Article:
So when she learned the Army raised its enlistment age, Black, now a 41-year-old grandmother from West Columbia, Texas, didn't hesitate to join. The decision took "about 30 seconds," she said.
On Friday, Pvt. Black worked on her marksmanship skills here, while her 21-year-old daughter was at Army basic training at Fort Leonard Wood, Mo.
"I'm taking it one day at a time," Black said. "If I do that, I can handle it."
Older soldiers like her are showing up more often at Army training bases across the country since Congress gave the service approval earlier this year to raise its enlistee age limit, which had been 35, to just under 42 years.
"We're finding there's a lot of people out there that wanted to join, and age was their only disqualifier," said Leslie Ann Sully, a spokeswoman for the Army's local recruiting battalion near Fort Jackson.
"Lots of people (over 35) are fit and are living longer, and they figure they can do this," Sully said.
The change came as the Army fell well short of its recruiting goals last year. It needs to bring in 80,000 recruits this year and is pushing a package of higher enlistment bonuses and pay levels for certain jobs, as well as financial incentives for former soldiers to re-enlist.
The limit to enter the part-time Army Reserve was raised to 40 in March 2005 and the Army raised it to 40 for active duty in January. Then, both organizations raised it to 42 in June.
The Army has taken in 405 men and women in the active duty and 711 in the Reserves who were 35 or older as of Aug. 4, according to Douglas Smith, a spokesman for the U.S. Army Recruiting Command.
In interviews, most of the older soldiers training at Fort Jackson said they were fulfilling ambitions put aside years ago.
"It has always been a dream of mine to be in the military and now I am fulfilling that dream," Black said.
As she took a break from learning how to handle her M-16 rifle, the former corrections officer said her major challenge in the first three weeks of training was climbing and rappelling the 50-foot "Victory Tower."
Black is afraid of heights.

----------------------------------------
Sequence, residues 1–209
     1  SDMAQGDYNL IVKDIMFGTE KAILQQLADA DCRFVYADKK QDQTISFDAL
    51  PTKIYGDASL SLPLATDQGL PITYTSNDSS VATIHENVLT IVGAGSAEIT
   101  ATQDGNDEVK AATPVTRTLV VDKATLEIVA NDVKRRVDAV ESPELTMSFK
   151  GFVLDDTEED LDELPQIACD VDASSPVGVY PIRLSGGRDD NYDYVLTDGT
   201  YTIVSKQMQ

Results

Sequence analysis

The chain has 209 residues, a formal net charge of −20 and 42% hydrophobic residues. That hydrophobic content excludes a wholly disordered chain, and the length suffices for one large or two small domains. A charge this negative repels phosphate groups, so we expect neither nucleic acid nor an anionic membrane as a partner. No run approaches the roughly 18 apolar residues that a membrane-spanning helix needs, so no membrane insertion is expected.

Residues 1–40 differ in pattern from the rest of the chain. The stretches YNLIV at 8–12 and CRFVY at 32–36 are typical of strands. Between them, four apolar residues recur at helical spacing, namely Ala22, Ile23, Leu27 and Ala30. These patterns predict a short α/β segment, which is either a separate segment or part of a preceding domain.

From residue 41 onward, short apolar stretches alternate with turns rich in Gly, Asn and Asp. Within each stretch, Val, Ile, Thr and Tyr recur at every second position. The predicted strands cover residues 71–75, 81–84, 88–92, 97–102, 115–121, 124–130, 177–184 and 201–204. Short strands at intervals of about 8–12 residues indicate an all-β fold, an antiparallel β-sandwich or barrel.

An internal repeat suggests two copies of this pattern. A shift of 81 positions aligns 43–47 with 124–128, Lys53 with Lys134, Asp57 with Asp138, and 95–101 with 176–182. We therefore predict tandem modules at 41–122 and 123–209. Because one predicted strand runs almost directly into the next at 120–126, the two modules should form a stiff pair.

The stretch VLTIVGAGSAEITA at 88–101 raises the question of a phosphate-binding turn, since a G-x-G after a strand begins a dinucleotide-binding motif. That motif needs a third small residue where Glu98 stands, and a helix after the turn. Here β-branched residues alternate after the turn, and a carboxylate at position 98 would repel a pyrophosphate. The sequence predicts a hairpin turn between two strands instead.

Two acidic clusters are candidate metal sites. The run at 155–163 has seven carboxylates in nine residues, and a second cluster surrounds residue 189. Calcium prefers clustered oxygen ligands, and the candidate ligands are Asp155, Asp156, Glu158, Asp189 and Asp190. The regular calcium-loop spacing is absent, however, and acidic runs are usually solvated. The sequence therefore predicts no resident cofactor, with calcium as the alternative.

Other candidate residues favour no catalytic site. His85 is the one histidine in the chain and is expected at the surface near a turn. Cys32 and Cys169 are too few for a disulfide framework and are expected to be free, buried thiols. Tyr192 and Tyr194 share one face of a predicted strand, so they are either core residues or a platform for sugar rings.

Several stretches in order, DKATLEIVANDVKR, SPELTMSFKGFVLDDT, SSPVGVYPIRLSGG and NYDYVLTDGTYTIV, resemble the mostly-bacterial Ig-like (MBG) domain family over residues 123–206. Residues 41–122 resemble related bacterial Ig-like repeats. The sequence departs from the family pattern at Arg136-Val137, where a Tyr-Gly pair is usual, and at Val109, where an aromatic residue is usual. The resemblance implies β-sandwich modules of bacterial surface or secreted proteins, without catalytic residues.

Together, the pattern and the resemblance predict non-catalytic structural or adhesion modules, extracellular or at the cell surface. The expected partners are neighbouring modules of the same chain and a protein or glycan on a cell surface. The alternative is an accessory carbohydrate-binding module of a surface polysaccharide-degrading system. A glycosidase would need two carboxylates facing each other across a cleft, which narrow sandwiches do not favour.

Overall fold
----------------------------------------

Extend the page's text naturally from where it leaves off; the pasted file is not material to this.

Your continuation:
"I cried all the way up and all the way down, but my drill sergeant talked to me the whole time and got me through it," she said with a smile.
On the parade grounds here, about 5,000 family and friends gathered Friday to applaud the 1,800 soldiers who graduated from basic training.
Russell Dilling, 42, of San Antonio, and his 19-year-old son, Robert, had tears in their eyes as they hugged afterward. The younger Dilling graduated from basic training.
Russell Dilling is scheduled to finish Oct. 6 and is hoping his knees hold out. He wants to become a small arms repairman.
"When he graduates, I am sure I will be as proud of him as he is of me today," said Robert Dilling, who wants to train as a combat medic.
Russell Dilling said he got to Fort Jackson at 11 p.m. earlier this summer—one hour before his 42nd birthday and the Army's new deadline. "It's been tough physically, but my company has been pretty supportive," he said.
Dilling's drill sergeant, Steven Proffitt, called the father "a real leader. He shows these kids how to do it."
Pfc. Kimberly Brown, 37, couldn't resist cupping her 18-year-old son Derek Noe's face in jubilation after they'd both been released from graduation formation.
With five children to support, the work in the Army is welcome, she said. Her husband Robert, a retired Army first sergeant, supported her, she said.
Noe is returning to finish his senior year in high school in Boone, N.C., while his mother goes to Fort Eustis, Va., to enter helicopter mechanic training.
"They called me 'Mama's boy,' but I knew they were just messing with me," Noe said of others in his unit. "It never got to me. I'm proud of what she's doing."